Some other members of our Tesla Shuttle team installed Tesla software updates on our Model S earlier in the year, but the first time I personally did so was the day after Christmas (or 2nd day of Christmas as some people call it). I was a little uncertain whether to do the update at that time — we needed to leave approximately 2 hrs later and the car said it would take 1 hour and 40 minutes. Additionally, I was a little concerned about how much energy it might take. We had an 85% charge but quite a ways to drive. “How much energy does a Tesla software update take?” I had never thought to ask and didn’t recall seeing this information somewhere, so I searched online. Unfortunately, I couldn’t find an answer.
I decided to try my luck.
To get it started was a simple process — hit “Install Now” or set the installation for a specific time. After you hit “Install Now,” you get a countdown clock of a couple of minutes or so to cancel the plan or let the update happen.
I started the installation, sat there for a minute, and then went inside. After 15 minutes or so, I came back out because of my concern about how much energy it would take.
That’s when I was hit with my first surprise. When I got into the car, the screen had a message that said, “Update complete, checking status.”
What? The update took just a few minutes?
I tried to close the update box, but it wouldn’t let me do so, so I sat there a bit. After a few moments, both navigation screens turned off and rebooted. When they came back on, the screen behind the steering wheel had a yellow warning sign with exclamation mark inside (like in the picture above) and a message that said “Software Update Required. Contact Tesla Service.” I thought that was just part of the “checking status” thing and would go away in a minute, but it didn’t.
That’s when I started to freak out. And that’s when it suddenly hit me that I was so far off the grid the software update might not work. This is a spot where Spotify and the navigation system routinely don’t work for me, since the Tesla loses its internet signal there. I thought, “Oh, sh**, why did I try to do a software update in this place?!! Is a tow truck going to have to come to get the car and bring it somewhere with an internet signal to finish the update?” I tried calling Tesla service, but my phone connection was so bad that we got cut off. That didn’t help my perspective on the matter.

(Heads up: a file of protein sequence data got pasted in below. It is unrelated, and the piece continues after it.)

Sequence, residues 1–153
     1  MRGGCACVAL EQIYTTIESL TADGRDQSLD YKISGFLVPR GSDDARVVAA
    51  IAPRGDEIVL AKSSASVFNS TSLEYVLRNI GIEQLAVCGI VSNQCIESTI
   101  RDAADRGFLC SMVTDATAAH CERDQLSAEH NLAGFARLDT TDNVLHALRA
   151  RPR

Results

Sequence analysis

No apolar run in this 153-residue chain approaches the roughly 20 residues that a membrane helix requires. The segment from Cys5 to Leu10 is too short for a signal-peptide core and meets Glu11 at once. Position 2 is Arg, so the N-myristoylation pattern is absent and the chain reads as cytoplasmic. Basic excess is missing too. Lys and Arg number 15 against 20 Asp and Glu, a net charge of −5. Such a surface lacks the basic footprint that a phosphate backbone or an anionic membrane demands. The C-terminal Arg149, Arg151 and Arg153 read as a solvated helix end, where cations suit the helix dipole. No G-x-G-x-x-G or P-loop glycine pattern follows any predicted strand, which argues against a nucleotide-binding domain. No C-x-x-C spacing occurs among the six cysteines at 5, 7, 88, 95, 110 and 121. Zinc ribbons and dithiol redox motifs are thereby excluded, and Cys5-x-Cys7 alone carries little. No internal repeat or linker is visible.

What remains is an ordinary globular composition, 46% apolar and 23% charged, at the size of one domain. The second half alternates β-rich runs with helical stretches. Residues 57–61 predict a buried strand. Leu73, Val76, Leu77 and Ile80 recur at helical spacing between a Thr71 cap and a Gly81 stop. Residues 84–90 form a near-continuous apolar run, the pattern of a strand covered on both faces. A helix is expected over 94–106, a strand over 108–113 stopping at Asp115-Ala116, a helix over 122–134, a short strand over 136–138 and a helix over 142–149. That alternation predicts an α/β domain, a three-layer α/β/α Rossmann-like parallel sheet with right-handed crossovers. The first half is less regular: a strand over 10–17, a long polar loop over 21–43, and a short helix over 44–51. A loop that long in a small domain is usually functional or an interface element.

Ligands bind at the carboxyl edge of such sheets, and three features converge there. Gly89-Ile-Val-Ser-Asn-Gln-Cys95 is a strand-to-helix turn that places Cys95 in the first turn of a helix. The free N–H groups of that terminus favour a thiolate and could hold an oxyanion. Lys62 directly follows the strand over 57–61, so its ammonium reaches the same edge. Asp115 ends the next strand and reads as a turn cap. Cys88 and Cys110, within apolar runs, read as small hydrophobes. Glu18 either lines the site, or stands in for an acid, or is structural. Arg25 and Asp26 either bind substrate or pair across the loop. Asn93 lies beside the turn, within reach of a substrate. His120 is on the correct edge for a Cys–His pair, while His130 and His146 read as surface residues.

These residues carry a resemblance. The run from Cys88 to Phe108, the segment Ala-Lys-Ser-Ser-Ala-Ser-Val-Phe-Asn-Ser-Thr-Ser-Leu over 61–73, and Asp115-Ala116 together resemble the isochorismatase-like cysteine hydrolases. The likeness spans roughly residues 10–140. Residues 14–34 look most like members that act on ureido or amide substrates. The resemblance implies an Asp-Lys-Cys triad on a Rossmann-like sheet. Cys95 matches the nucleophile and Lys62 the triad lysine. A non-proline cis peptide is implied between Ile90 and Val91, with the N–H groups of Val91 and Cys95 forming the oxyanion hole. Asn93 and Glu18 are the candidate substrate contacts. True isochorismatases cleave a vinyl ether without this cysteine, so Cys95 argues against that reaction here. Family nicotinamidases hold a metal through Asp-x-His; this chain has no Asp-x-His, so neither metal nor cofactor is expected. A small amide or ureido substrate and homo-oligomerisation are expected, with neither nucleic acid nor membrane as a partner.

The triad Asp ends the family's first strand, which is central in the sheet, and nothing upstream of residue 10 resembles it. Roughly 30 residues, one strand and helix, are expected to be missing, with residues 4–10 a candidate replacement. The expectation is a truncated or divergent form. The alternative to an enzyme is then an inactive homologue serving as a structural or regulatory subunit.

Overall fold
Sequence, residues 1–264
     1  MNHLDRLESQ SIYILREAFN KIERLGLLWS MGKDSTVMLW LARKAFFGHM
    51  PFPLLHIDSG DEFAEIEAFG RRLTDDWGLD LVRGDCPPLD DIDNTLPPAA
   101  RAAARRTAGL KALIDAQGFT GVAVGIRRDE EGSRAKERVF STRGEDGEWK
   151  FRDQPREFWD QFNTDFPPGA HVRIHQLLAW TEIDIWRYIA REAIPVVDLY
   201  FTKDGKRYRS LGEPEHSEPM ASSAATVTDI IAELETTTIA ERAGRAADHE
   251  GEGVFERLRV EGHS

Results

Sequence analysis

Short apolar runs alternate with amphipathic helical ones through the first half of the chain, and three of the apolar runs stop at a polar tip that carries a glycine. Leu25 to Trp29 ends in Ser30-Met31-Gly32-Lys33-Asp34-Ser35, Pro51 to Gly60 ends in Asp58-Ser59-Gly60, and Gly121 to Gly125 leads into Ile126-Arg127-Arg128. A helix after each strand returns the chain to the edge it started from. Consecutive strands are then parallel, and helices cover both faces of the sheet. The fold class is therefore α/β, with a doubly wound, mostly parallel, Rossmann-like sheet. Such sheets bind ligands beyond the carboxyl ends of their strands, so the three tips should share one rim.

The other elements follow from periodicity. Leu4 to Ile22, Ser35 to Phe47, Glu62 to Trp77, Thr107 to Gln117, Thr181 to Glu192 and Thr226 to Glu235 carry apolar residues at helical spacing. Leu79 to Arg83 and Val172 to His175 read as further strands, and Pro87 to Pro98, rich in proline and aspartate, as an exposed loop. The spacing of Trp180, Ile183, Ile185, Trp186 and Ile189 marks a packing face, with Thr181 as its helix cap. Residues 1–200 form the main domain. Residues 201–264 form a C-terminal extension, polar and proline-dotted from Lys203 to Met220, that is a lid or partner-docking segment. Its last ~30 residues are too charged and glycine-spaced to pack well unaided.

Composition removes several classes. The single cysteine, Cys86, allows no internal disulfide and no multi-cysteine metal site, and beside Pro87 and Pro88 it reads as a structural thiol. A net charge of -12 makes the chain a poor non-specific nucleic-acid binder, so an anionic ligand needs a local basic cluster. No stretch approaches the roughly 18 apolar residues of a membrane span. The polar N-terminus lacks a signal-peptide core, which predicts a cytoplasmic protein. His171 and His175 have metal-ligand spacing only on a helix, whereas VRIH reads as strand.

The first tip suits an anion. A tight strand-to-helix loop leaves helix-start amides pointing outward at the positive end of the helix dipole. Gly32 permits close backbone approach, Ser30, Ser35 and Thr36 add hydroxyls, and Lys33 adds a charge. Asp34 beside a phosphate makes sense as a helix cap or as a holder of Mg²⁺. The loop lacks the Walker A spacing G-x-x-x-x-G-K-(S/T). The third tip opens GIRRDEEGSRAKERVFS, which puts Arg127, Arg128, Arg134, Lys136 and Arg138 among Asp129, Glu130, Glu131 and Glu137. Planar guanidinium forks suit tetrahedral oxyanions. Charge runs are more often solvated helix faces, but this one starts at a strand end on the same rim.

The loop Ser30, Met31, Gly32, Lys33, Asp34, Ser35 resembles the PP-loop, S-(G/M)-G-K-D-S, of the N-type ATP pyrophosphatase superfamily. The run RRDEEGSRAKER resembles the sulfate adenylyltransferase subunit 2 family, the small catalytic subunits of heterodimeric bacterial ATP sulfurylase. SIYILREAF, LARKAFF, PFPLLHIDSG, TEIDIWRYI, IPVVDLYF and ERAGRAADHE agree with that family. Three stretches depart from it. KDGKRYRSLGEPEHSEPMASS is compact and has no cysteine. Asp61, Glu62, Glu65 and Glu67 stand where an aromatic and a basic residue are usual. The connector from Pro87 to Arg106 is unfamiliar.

But then, as I was sitting there, I heard some noises from other areas of the car. It was clear something was happening. After several minutes, the horn started honking, which the car had noted at the beginning of the update might happen. That calmed me down — it was still working, still checking the car’s status. After a while, the “Software Update Required. Contact Tesla Service.” message finally went away. And then, approximately one hour after it had started, the update was complete and the car was ready to drive — 40 minutes or so early.
Perhaps those notes and relaying my stressed experience will help a fellow or two during their first Tesla software update. But that’s all just the minutiae. The thing that really struck me while sitting and listening to the car check its status was that the car is a freakin’ computer — a huge one. It is not a breakthrough news flash to say a Tesla is a computer on wheels. People have been saying it for a decade and that point was a key underlying reason a couple of the co-founders started Tesla Motors — the potential was sitting there and large automakers weren’t making their move.
But listening to the car think just really struck me. It also then had me thinking about this exclusive capture of a George Hotz presentation a couple of months ago, and our brief Q&A:
As geohot noted, Tesla is still basically alone in its approach to “cars as computers” and over-the-air software updates. The computer part of other automakers’ cars are more like 1999 Nintendos compared to the modern gaming systems Tesla is using. This point struck home for me a bit further as I sat through my first over-the-air software update.